"We're going to concentrate on cross-section measurements around 1 GeV," says Morgan Wascko, SciBooNE co-spokesperson
Morgan Wascko
Morgan Wascko
along with Tsuyoshi Nakaya (Kyoto University). "In order to make more accurate predications regarding neutrino oscillations, scientists need to know the probabilities of particular interactions around that energy. SciBooNE measurements will help define those probabilities." These measurements will fall into three categories:
Tsuyoshi Nakaya
(1) processes that are interesting in their own right, especially multi-track, that SciBar will be able to make; (2) processes that are the main signal and background processes for the Tokai-to-Kamioka (T2K) neutrino oscillation experiment in Japan; and (3) processes to help scientists better understand the booster neutrino beam for MiniBooNE.

Wascko adds that SciBooNE measurements will be a good complement to the MINERvA measurements at higher neutrino energy, and give the lab a more complete neutrino program. "SciBooNE has the unique ability to reconstruct final state particles with great precision, especially multi-particle final states," he says. "Those processes give detectors like MiniBooNE or Super-K the most trouble." Researchers eagerly await the announcement of the MiniBooNE neutrino results, which will influence not only the future BooNE beam configuration but also the second phase of the BooNE project.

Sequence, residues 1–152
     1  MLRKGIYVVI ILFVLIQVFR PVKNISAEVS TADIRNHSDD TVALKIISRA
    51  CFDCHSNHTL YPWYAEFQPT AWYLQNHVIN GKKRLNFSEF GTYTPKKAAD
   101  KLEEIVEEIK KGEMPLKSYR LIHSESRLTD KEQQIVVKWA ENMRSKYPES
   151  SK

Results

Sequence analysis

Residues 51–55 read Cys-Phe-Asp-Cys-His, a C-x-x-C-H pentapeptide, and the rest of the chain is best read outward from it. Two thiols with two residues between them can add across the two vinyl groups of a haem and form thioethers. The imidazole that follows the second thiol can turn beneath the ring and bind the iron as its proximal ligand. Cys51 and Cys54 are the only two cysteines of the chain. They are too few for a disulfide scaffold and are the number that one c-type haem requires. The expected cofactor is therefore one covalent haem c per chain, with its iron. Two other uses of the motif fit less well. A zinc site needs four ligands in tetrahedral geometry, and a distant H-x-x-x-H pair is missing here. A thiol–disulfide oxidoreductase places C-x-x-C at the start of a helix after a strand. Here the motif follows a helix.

— Dawn Stanton

Announcements
International Folk Dancing
International Folk Dancing will meet Thursday, February 9, at Kuhn Barn on the Fermilab site. Dancing begins at 7:30 p.m. with teaching and children's dances earlier in the evening and request dancing later on. Newcomers are welcome and you do not need to come with a partner. Info at 630-584-0825 or 630-840-8194 or folkdance@fnal.gov.

Recreation Discount Ticket Sales
Milk Pail Dinner Theater presents the Mardi Gras Murder Mystery on February 11 at 7:00 p.m. Discount price is $50.00 per person (reg. $60.00). The Milk Pail Theater is located in East Dundee. Chicago Blackhawks Discount tickets for the March 15, March 29 and April 16 games are half off. Tickets are for the 300 level. Order forms can be found in the Recreation Office or on the website.